Avoiding these 4 things in data spreadsheet column titles, as discussed in the quick (3 minute and 38 second) video below and in this post, will make it easier to analyze the spreadsheet data using programs like R or SAS or importing the spreadsheet data into a database.
(1) Avoid fancy formatting
Avoid fancy formatting in the column headers when the spreadsheet is going to be imported into a program such as R or SAS for analysis.
Fancy formatting such as making words bold, italic, or adding colors can cause errors or even prevent the data from being able to be imported until the formatting is reverted back to plain, unformatted column headers.
Watch the video above to see examples of fancy and plain column headers.
Avoiding using fancy formatting in the first place will save your consultant or analyst time from having to change the formatting back to plain.
(2) Avoid inconsistent naming conventions
Avoid inconsistent naming conventions for titles and also avoid using special characters such as exclamation points(!), asterisks(*), at symbols (@), and other such symbols in the title of the column header.
For one it can be confusing. Also, special characters in the titles can cause errors in analysis or importing the data into a database.
For an example of a spreadsheet using inconsistent naming conventions and special symbols in the column headers watch the video above.
(3) Avoid using really long descriptive titles
Avoid using long descriptive titles with spaces in between the words. Shorter titles are easier to analyze. Some software programs can’t recognize titles that have spaces between the words as variables. This will result in error messages or a failure to import the data.
Shorten the titles using codenames for those variables.
For an example of really long descriptive titles being shortened into code names, watch the video above.
Shortening codenames leads to the 4th thing to avoid in column title headers:
(4) Avoid forgetting to include a code book or some kind of documentation of what code names you shortened the long descriptive titles into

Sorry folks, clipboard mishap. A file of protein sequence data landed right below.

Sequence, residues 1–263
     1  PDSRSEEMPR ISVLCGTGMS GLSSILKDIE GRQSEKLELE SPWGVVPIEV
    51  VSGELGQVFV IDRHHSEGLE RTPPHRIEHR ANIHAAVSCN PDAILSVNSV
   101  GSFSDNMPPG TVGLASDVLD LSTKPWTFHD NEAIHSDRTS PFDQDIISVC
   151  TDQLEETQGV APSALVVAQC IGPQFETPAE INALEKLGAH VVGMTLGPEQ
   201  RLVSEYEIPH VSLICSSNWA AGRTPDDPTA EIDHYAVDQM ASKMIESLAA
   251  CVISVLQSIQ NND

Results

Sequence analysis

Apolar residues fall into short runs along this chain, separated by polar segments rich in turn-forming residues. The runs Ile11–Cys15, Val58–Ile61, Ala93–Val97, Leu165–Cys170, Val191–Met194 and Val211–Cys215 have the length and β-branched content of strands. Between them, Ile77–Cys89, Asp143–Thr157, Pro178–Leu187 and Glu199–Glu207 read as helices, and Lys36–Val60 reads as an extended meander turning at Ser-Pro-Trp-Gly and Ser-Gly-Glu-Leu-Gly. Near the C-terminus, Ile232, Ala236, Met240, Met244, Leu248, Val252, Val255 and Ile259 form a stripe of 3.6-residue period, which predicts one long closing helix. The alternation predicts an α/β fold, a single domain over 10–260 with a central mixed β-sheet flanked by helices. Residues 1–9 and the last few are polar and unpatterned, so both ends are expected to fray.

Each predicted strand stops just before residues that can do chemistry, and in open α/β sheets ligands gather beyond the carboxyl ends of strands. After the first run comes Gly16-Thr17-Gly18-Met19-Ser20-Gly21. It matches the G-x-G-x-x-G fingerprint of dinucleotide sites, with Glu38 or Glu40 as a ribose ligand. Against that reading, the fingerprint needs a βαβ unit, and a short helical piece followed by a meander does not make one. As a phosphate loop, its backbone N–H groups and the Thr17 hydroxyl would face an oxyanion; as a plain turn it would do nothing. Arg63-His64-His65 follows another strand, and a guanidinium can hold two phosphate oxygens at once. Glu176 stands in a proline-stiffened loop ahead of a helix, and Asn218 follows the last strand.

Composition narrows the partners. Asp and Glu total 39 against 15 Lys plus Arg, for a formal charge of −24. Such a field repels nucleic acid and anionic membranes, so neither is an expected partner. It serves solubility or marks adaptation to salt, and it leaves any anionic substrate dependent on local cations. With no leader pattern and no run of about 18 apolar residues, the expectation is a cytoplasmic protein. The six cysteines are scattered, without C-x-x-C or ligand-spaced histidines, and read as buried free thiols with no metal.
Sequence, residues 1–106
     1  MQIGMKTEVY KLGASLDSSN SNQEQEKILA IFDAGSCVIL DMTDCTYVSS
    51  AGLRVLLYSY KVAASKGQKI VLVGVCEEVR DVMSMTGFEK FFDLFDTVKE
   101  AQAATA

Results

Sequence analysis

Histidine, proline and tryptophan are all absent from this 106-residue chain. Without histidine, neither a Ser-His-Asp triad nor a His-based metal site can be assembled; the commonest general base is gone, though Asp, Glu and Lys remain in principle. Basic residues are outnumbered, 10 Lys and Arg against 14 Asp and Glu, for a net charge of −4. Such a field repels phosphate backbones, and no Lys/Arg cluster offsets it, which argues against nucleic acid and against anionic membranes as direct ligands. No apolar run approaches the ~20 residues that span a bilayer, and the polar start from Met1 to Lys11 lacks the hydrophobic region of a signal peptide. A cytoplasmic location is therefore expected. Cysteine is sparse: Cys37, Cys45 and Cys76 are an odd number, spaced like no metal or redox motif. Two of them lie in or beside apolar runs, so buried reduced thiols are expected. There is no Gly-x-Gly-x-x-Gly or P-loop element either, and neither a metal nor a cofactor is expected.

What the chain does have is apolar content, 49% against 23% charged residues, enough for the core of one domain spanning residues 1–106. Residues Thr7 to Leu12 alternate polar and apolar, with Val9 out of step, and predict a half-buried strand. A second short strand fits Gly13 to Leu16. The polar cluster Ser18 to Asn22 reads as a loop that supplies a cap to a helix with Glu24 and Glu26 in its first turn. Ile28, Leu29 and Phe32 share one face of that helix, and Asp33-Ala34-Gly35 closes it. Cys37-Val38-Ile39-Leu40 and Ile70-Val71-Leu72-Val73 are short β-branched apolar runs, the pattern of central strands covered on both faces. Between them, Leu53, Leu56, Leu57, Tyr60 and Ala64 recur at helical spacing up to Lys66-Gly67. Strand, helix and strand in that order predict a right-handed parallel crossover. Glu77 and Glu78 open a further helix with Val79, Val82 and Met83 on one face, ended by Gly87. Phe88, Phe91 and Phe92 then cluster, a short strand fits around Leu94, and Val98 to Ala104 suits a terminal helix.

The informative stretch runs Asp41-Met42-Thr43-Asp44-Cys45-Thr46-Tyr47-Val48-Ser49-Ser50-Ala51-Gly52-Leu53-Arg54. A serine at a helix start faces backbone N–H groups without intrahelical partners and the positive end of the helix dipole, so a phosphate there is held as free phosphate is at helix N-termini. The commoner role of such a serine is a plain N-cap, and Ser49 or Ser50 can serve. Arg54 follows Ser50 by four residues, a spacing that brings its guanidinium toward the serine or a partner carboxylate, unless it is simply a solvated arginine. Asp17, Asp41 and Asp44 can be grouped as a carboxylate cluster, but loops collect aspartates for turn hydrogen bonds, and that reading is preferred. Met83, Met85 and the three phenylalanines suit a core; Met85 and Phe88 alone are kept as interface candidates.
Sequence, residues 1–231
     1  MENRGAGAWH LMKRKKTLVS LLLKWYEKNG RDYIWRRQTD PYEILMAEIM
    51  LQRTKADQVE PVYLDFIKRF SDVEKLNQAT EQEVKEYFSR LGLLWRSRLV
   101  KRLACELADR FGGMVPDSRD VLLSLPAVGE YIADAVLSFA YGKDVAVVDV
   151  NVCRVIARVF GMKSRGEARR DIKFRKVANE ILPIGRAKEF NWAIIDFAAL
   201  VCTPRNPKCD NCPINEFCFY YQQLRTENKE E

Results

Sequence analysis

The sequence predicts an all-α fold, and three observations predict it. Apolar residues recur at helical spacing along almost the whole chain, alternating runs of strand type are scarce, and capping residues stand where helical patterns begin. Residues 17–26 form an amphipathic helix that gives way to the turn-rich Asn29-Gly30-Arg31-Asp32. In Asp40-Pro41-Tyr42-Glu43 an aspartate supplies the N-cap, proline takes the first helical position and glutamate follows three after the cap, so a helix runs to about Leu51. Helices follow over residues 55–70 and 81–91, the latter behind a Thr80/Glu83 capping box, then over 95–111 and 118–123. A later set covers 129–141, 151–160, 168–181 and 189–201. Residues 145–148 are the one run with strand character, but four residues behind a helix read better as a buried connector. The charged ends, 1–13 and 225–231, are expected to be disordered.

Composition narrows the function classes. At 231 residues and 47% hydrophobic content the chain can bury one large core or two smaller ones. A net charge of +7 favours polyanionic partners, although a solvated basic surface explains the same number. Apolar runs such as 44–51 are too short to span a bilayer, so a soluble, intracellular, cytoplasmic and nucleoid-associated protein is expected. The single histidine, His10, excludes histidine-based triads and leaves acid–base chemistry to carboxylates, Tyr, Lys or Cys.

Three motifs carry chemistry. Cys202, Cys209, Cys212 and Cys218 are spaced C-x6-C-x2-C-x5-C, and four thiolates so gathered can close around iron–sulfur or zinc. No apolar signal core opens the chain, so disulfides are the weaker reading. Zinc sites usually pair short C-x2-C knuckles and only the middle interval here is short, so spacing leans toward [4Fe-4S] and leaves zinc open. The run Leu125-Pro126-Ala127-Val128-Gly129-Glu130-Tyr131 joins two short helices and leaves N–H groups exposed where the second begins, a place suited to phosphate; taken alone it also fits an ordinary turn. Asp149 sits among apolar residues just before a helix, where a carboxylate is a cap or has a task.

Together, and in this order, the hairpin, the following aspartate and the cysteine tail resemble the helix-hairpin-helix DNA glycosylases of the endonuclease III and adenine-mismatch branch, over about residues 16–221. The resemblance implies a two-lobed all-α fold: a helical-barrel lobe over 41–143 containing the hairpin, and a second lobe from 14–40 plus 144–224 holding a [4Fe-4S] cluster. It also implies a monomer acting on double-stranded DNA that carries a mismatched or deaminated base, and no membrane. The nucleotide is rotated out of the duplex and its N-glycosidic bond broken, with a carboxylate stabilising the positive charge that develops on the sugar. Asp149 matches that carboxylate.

Don’t forget to include a code book or other similar documentation for long descriptive column titles that you’ve shortened the name of.
When working with a team no one else will necessarily know what that code title means and if you don’t document it somewhere, then you may even forget what it was yourself.
By avoiding fancy formatting, inconsistent naming conventions, using really long descriptive titles, and forgetting to include a codebook or other documentation you will make it easier and more efficient to analyze the spreadsheet data using programs like R or SAS or importing the spreadsheet data into a database.
I recently got my Lean Six Sigma Yellow Belt certification from the Technical University of Munich (TUM) through an online course offered by TUM on the edX platform. I admire how the certificate itself and the process of obtaining it was highly efficient, exemplifying the ideas of Lean and Six Sigma, reducing waste and reducing variation in quality improvement.
Lean and Six Sigma are two separate, but related philosophies in the quality improvement and management realm across a variety of different industries. I was first introduced to the concept in the healthcare industry and in the field of public health.
Wanting to further my knowledge and be able to better apply the data and fact driven quality improvement Lean and Six Sigma tools to improve my performance and range of services offered as a consultant, I decided to get certified in Lean and Six Sigma.
I found that an online series of three courses offered by TUM through the edX platform was the most efficient and cost effective way to gain this certification. Online courses allowed me to work my continuing education around my work schedule. Also the cost was low enough to not waste or strain the resources of a fresh, innovative, new consulting agency for providing professional growth and development for its consultants.